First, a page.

Friday 14 June 2024
  • La Cimbali

Uganda takes action to comply with EUDR requirements

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KAMPALA, Uganda – The Government of Uganda is committed to register all coffee farmers and have the National Traceability System in place so as to comply with the European Union Regulations on deforestation-free products (EUDR), Dr Emmanuel Iyamulemye, the Managing Director at Uganda Coffee Development Authority (UCDA), has revealed.

Iyamulemye says the National Coffee Register as provided for in the National Coffee Act 2021, will be a precursor to the creation of a National Traceability System (NTS) aligned with European Union Regulations on deforestation-free products (EUDR) requirements.

The register will assign unique identifiers and geolocations to all coffee farms.

Iyamulemye says Government through the Ministry of Finance, Planning and Economic Development is committed to register farmers in a phased manner.

“The exercise requires up to US$9.15m (Shs35.6bn). The Ministry of Finance has committed to provide up to Shs13bn in the 2024/25 Financial Year towards farmer registration and the National Traceability System,” Iyamulemye said, adding that further funds will be provided in subsequent years.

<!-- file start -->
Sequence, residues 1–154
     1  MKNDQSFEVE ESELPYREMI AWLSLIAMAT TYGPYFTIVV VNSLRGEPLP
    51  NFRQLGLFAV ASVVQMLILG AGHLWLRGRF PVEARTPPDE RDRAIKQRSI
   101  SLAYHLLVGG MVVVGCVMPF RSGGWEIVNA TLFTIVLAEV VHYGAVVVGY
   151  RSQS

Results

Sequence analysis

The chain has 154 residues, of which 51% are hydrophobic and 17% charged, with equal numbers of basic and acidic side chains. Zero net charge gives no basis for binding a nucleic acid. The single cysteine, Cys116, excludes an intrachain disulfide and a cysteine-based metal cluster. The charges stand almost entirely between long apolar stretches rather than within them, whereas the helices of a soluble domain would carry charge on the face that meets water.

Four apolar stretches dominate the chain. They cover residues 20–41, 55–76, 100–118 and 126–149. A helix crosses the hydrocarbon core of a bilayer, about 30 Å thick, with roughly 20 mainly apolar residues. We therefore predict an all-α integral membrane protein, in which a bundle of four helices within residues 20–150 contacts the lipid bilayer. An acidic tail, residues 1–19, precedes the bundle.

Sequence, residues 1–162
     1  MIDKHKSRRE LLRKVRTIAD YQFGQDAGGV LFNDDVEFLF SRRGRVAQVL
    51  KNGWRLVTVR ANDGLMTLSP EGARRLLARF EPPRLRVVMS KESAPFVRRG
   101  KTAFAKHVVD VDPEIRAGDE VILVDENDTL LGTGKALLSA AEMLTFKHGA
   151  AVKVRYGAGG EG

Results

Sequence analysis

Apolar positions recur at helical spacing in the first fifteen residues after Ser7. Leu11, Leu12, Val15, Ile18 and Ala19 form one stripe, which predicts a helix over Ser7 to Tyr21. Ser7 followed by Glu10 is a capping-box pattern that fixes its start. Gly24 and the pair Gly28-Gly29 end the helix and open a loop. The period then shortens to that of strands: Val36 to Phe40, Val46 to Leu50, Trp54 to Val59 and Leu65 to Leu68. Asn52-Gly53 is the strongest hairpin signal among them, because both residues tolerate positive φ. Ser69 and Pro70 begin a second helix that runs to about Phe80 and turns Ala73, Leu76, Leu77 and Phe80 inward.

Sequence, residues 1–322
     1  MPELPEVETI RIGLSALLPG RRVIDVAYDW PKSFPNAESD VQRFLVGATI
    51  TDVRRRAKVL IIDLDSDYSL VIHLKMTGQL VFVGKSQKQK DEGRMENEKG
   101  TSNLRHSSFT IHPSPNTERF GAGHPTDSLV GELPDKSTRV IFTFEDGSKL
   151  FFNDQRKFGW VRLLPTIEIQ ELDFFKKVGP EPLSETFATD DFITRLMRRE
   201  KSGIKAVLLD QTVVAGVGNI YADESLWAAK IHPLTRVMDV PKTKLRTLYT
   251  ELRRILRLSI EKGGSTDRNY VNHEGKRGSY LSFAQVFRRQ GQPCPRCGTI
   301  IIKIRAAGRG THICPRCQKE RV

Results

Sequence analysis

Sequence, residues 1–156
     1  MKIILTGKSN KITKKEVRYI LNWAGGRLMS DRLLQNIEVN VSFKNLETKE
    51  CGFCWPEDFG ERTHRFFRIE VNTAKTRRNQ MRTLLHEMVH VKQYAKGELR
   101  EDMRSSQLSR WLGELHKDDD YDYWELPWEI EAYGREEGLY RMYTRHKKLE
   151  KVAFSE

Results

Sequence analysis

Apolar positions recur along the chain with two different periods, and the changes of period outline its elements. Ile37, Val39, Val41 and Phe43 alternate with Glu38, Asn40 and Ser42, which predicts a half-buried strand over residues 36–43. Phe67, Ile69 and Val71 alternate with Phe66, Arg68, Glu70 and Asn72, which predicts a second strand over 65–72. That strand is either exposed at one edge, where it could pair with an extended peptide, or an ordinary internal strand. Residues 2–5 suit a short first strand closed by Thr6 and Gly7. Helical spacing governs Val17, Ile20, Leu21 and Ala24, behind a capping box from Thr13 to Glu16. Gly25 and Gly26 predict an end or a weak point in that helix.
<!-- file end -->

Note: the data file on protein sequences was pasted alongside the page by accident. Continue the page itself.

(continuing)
Iyamulemye was speaking at a stakeholders meeting held at Serena Hotel on Tuesday to validate the National Action Plan for compliance with the Corporate Sustainability Due Diligence Directive (CS3D) and EU regulations on deforestation-free products (EUDR) in the coffee value chain.


The meeting was organized by UCDA, in partnership with International Trade Centre and the Uganda Coffee Federation.

To comply with EUDR requirements, Iyamulemye says, Uganda is using the Territorial Approach (TA) in the short run so as to make the country as a whole compliant.

This approach is not a farmer registration system as no farmer data is collected. It is not a coffee traceability system either.

The TA is based on the premises that; coffee production is not a main driver of deforestation. All coffee polygons (including non-compliant ones) can be identified using High Resolution (HR) maps and Artificial Intelligence (AI). Once non-compliant plots are remediated, the territory (country) is compliant in its entirety.

“We are now engaging the EU to accept the Territorial Approach because the deadline is so short (31st December 2024) for us to have the national register and the National Traceability System where each farmer will have a unique code,” Iyamulemye said.

He said many coffee producing countries including Vietnam, Ethiopia, Peru, Guatemala and Tanzania among others are looking at the Territorial Approach in the short run to comply with EUDR requirements.

“We have to show that there’s something we are doing to comply with EUDR requirements,” he said, adding: “Roasters in the EU want Uganda to be compliant with EUDR requirements because our coffee is of very high quality.”



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